2020 was not great. Indeed, the supposed apocalypse that was predicted in 2020 seemed — to an extent — to come to fruition.
As we enter 2021, normality will begin to return, families and friends will be reunited, and people will leave their homes after months of misery in isolation. The flowers are blooming, the birds are singing, and all is well… just kidding.
Vaccines… What’s the big deal?
Vaccines. Synonyms include: contention, conflict, disagreement, dissension, controversy, and — depending on your point of view — trackablemicrochipscontrolledbybillgates.
The Covid-19 vaccine has become a subject of dispute amongst government officials and family members alike. I suppose people will disagree. But what about when people disagree with their employer? Can your employer force you to take a vaccine? Can you refuse it? Can they terminate your contract if you do?
Questions. Lots of questions. Thankfully, this article will endeavour to answer them.
On a side note for all the anti-vaxxers, stop stressing about the vaccine! I had mine today and I haven’t experienced any side effects… I feel Gates! I mean… great. *Ahem*
I’ll work on the puns.
‘You can’t force me to take the vaccine, isn’t that against my human rights?!’ Well Karen, yes… but also no.
Employees have extensive rights in the workplace, which they may or may not be aware of. These include the human rights contained in the European Convention on Human Rights (ECHR), which were made legally enforceable in the UK by the Human Rights Act 1998. One such right is Article 8 of the ECHR, which states that every person has a right to respect for private and family life. This includes respect for an individual’s body, thus compulsory medical treatment essentially violates Article 8, and is, on the face of it, illegal. Article 8 does contain a clause that states that a public authority may interfere with the exercise of this right in the interest of the protection of health, however the UK government have stated for months that they do not intend to make the Covid-19 vaccine mandatory.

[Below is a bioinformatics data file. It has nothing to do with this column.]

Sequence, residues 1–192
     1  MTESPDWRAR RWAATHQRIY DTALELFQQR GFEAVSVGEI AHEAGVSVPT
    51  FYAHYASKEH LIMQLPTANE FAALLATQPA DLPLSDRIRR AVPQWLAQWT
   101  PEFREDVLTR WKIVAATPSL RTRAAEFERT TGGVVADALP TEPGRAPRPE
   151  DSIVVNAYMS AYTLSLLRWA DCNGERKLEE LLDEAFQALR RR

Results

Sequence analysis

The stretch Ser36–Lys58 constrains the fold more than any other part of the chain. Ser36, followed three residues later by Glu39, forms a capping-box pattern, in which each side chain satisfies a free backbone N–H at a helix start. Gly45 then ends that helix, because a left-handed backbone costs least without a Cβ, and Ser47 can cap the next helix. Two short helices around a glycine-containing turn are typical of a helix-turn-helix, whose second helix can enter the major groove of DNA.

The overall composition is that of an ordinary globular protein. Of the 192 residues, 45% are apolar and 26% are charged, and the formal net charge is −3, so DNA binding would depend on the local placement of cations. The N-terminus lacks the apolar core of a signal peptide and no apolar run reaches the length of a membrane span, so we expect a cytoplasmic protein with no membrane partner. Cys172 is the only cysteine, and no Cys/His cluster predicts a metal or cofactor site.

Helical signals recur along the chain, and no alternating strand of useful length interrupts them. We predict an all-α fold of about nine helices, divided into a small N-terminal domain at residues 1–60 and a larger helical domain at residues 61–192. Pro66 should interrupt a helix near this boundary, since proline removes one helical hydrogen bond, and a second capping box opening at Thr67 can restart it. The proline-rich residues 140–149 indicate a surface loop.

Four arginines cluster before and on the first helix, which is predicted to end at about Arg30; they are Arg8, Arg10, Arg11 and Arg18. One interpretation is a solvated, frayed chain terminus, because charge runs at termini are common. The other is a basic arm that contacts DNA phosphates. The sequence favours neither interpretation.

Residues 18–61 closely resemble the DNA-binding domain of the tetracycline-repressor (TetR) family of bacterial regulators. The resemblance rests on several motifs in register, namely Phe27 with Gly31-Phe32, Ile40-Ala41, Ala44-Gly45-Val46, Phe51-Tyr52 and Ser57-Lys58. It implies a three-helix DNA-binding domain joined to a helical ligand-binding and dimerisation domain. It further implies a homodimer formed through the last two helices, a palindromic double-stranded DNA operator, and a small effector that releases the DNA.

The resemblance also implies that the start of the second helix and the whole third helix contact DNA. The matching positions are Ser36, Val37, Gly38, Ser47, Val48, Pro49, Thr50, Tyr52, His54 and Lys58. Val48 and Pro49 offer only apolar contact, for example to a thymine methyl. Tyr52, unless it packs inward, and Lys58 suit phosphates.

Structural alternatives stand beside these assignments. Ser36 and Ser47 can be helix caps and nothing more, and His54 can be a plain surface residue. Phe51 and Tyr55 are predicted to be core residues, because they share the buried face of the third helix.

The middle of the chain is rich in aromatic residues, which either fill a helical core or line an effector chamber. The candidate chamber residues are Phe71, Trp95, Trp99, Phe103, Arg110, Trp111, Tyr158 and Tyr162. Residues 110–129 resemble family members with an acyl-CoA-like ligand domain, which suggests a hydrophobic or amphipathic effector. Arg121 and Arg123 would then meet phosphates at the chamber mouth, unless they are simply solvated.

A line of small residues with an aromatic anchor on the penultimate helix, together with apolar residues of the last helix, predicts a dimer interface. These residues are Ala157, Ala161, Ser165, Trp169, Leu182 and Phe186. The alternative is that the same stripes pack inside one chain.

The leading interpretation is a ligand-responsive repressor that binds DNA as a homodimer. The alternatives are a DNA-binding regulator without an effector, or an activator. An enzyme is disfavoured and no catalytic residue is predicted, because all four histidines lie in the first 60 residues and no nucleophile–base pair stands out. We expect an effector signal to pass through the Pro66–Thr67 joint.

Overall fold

So, on the face of it, an employer cannot force an employee to take the vaccine. In fact, many employees may have valid reasons to refuse the vaccine, for example vulnerability due to a medical condition, or a religious belief, and employers will need to respect this or risk claims of discrimination. Indeed, Article 9 of the ECHR, the right to freedom of religion and belief, and the Equality Act 2010dictate that employers cannot discriminate against religious beliefs which may cause employees to refuse the vaccine.
So, we have explored some of the established rights and protections employees enjoy, but that does not necessarily mean that you can simply refuse the vaccine…
Employers have to respect the rights of their employees, and even incorporate many such rights into employment contracts and procedure. However, employers have to consider the welfare of all employees, as well as clients and customers. Moreover, some employers may have a stronger rationale for encouraging employees to book a vaccination, or to demand it. Imagine you represent a care home. Is it reasonable for them to implement a policy of mandatory staff vaccination? After all, in the case of nurses and carers who constantly interact with vulnerable, elderly people, a vaccination could be the difference between life and death. As for the lawyer who can work from home, happily typing away whilst sat in their pyjamas, and drinking nothing but coffee? Well… maybe not life and death. ‘But playing around with cat filters on zoom is serious stuff!’ … We hear you, really.